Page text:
Many people don’t know their credit score and fewer still understand the impact it can have on a mortgage application.
This guide explores the relationship between the two, providing information on what credit score is required when applying for a mortgage, as well as how to improve your score.
What credit score do I need to get a mortgage?
There is no fixed score that guarantees acceptance. This is because different lenders will look at different credit reports and each will have their own lending criteria. Because of this, there is no "one-size-fits-all" advice that can be given.
As a rule of thumb, the higher your credit score, the better your chances of being accepted for a mortgage. While no specific advice can be given, there are a few red flags that could have a negative impact: these are explored below.
What is credit rating?
Credit rating is a numerical representation of your financial behaviour, based on your history of spending, borrowing and repaying. It takes into account credit cards, overdrafts, bills and more.
It provides an important component of your Data Self, which lenders will look at when deciding whether you are eligible to borrow.
A good credit rating demonstrates your ability to manage money well, which lenders take as an indication that you will be able to repay your mortgage in full and on time, thereby reducing their risk.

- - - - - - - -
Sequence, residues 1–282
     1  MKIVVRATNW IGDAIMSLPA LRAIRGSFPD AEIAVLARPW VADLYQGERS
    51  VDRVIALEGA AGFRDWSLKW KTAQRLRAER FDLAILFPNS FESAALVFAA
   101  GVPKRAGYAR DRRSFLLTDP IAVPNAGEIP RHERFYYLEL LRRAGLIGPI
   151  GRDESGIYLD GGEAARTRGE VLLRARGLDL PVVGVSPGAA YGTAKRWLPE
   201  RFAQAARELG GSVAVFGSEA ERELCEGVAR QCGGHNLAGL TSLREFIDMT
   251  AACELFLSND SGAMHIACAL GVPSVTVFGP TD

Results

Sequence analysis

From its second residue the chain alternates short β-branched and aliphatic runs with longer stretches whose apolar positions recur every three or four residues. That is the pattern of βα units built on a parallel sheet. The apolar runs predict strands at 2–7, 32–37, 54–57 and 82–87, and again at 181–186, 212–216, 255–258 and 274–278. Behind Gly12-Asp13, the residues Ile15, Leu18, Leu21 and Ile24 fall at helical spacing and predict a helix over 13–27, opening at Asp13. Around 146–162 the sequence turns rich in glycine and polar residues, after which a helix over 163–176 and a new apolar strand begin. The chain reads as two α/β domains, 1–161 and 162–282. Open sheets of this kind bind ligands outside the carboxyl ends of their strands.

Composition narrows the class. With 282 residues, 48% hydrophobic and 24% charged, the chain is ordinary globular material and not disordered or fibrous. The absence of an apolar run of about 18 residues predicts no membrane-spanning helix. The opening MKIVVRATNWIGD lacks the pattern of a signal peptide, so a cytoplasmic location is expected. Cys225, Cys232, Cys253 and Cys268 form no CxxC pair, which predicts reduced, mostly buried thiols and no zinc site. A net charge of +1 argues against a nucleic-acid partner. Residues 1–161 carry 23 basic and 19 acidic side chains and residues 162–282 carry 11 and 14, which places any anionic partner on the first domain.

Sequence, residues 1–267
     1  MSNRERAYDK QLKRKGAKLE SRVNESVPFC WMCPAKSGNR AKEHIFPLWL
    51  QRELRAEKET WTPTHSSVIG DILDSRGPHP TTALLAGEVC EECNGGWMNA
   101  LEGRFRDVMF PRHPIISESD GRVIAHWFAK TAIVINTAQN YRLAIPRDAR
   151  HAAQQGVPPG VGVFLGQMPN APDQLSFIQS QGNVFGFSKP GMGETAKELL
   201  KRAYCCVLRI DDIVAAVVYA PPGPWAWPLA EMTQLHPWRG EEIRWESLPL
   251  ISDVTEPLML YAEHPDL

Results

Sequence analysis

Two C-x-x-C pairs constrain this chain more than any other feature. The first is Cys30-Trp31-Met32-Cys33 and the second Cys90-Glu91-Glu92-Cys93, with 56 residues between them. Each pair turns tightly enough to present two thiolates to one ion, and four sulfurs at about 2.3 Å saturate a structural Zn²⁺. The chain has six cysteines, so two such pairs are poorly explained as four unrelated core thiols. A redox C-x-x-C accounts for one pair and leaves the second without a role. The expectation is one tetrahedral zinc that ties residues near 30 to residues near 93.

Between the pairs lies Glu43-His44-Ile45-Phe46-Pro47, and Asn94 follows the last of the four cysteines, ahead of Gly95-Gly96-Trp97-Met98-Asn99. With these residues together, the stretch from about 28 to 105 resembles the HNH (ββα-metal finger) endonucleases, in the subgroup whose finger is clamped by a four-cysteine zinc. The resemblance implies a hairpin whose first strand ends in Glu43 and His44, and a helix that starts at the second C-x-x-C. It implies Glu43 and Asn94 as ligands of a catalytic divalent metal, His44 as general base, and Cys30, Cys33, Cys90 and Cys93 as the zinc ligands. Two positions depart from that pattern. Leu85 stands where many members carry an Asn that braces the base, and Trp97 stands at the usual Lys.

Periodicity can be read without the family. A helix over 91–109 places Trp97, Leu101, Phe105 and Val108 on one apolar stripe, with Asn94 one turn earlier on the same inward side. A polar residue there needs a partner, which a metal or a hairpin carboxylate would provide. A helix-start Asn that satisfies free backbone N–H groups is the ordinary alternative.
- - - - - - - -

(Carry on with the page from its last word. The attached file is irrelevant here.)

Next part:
How is your credit rating checked?
Each lender will have their own method for checking an applicant’s credit rating, but most will use one of the UK’s three main credit reference agencies: Experian, Equifax and Callcredit.
The lender will request a credit report from one of these agencies and use their findings when making their decision.
What is in a credit report?
The reports from each of the three credit reference agencies will be different:
- Experian rate you out of 999, with a score above 700 generally considered good, and above 800 excellent
- Equifax rate you out of 700, with a score above 475 considered good
- Callcredit rate you out of 5, with higher scores being better
As another rule of thumb, a credit rating at a minimum of good will be required for most mortgages.
How can I improve my credit rating?
If you know or suspect that your credit rating may not be up to scratch, you can take steps to improve it (Request a report from one of the above reference agencies if you’re unsure about your credit rating score).
Steps which may improve your credit rating:
- Avoid taking out credit within 6 months of applying for a mortgage
- Check you do not have any neglected credit cards
- Make debt repayments in full and on time: try to overpay if possible
- Make a budget and stick to it: try to end each month with a positive bank balance
- Stay within your overdraft and credit limits
Lenders will consider signs of financial stress as red flags: this could include things like only making minimum debt repayments, taking on extra debt, or relying on your overdraft.
In short, a good credit score will boost your chances of being accepted for a mortgage. While there is no one-size-fits-all advice that can be given, avoiding red flags and taking steps to be sensible with money is a good start.